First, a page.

This trend towards international interdependency is also applicable to the world of central banking and monetary policy. Over time, as the channels through which monetary policy impacts the economy have become more internationalised, central bankers have had to take more of an international perspective on their tasks.
To some extent, this is a product of the increasing interconnectedness of the global economy. Global capital flows have become more important to the fortunes of domestic economies. This has meant that monetary policy conditions abroad have become more relevant for borrowers’ access to finance at home.
Similarly, in the case of large jurisdictions, monetary decisions at home might have very big spillover effects on the economies of interconnected countries. These effects should, to some extent, be internalised within the monetary policy decision-making at home, at least insofar as the impacts abroad create second-round effects at home.
For the successful implementation of monetary policy, one must increasingly be on top of these complex international interactions. The monetary policy decision-makers need to pay attention to potential spillovers and also to the “spillbacks” of the spillovers.
A global outlook for central bankers is also relevant when one considers that monetary transmission is channelled through an increasingly internationally interdependent banking system. The bank lending channel is fundamental to how monetary policy is transmitted to the real economy, and this only works if there is a well-functioning banking sector in place. Therefore, if the domestic economy relies heavily on the activity of foreign banks, monetary policymakers must be on top of relevant dynamics across the global banking market.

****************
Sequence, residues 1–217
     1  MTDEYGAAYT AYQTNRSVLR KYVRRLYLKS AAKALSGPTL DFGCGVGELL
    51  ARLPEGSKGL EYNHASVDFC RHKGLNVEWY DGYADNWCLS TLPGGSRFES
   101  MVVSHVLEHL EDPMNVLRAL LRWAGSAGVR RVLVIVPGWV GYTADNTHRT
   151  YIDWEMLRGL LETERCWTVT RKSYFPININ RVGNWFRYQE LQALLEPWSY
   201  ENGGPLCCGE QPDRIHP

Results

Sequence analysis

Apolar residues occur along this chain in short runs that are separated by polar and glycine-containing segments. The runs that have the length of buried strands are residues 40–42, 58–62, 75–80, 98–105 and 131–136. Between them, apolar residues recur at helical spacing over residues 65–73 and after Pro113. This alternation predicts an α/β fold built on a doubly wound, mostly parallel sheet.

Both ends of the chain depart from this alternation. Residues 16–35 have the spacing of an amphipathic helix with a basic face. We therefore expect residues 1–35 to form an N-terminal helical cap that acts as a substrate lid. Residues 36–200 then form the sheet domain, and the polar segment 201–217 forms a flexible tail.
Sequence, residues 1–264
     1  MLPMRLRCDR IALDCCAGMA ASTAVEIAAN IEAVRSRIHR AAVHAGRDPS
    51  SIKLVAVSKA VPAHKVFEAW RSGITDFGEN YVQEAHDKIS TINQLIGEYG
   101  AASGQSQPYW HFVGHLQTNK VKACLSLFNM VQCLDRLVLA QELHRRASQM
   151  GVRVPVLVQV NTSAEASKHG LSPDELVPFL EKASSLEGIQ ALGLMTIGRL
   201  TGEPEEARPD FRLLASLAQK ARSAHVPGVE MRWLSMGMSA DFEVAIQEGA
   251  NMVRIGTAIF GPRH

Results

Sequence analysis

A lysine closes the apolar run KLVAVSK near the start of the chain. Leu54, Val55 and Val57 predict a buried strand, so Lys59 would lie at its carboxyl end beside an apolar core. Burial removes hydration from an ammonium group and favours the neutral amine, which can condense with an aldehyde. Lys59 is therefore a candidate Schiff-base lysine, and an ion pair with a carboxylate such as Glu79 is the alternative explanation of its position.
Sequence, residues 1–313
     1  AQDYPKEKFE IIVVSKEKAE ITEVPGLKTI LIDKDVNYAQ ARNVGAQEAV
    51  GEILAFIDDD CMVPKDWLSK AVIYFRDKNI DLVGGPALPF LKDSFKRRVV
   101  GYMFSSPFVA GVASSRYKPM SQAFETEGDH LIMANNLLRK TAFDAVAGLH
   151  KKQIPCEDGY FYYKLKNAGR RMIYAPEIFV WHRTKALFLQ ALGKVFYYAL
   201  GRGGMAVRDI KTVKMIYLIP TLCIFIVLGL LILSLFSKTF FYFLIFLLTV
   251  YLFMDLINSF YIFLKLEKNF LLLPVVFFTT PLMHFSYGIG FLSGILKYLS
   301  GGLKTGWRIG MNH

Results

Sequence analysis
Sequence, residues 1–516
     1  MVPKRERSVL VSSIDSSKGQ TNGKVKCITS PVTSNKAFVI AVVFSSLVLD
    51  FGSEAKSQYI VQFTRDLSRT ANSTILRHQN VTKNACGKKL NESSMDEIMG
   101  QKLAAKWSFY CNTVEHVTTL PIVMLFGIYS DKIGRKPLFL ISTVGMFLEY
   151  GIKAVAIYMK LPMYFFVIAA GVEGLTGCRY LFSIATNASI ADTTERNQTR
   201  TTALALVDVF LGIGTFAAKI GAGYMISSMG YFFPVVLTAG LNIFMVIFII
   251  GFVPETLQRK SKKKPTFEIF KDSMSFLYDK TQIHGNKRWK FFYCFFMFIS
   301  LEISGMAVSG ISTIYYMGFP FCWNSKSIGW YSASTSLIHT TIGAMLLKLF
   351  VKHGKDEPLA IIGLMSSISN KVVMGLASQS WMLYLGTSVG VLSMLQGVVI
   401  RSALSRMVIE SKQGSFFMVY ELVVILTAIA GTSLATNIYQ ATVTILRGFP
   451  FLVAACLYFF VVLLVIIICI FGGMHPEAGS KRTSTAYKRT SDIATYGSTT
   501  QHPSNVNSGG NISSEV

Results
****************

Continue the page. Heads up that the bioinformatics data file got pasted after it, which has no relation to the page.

Seamless cooperation between central banks and supervisors is imperative
There are a number of important interactions between central banking and supervision, each of which requires very close coordination and cooperation.
Monetary policymakers, macroprudential policy makers, and supervisors all benefit from high-quality technical analysis. Developing the best technical analysis requires all relevant data to be used, and all relevant expertise to be deployed on the question at hand.
As I have explained, given the role that banks play in transmitting monetary policy to the economy, monetary policy analysis requires an understanding of the detailed situation of the banking sector. Close proximity to the supervisor helps central banks to develop this understanding.
Likewise, macroprudential policy improves when it includes sound analysis on the health and soundness of individual banks. It therefore makes sense for macroprudential policymakers to draw on the expert input of microprudential supervisors.
Similarly, good microprudential supervision requires the application of macroeconomic analysis. Such macroeconomic outputs are core to the work of central banks, and microprudential supervisors can use these outputs, for example to enrich business model sustainability analysis. Central banks also have access to valuable online data, for example on payment traffic volumes and the provision of liquidity to banks, even broken down on a bank-by-bank basis. These are elementary inputs that help microprudential supervisors to assess a supervised entity.
So, seamless cooperation across supervisory and central banking functions is essential for the successful management of global banking risks.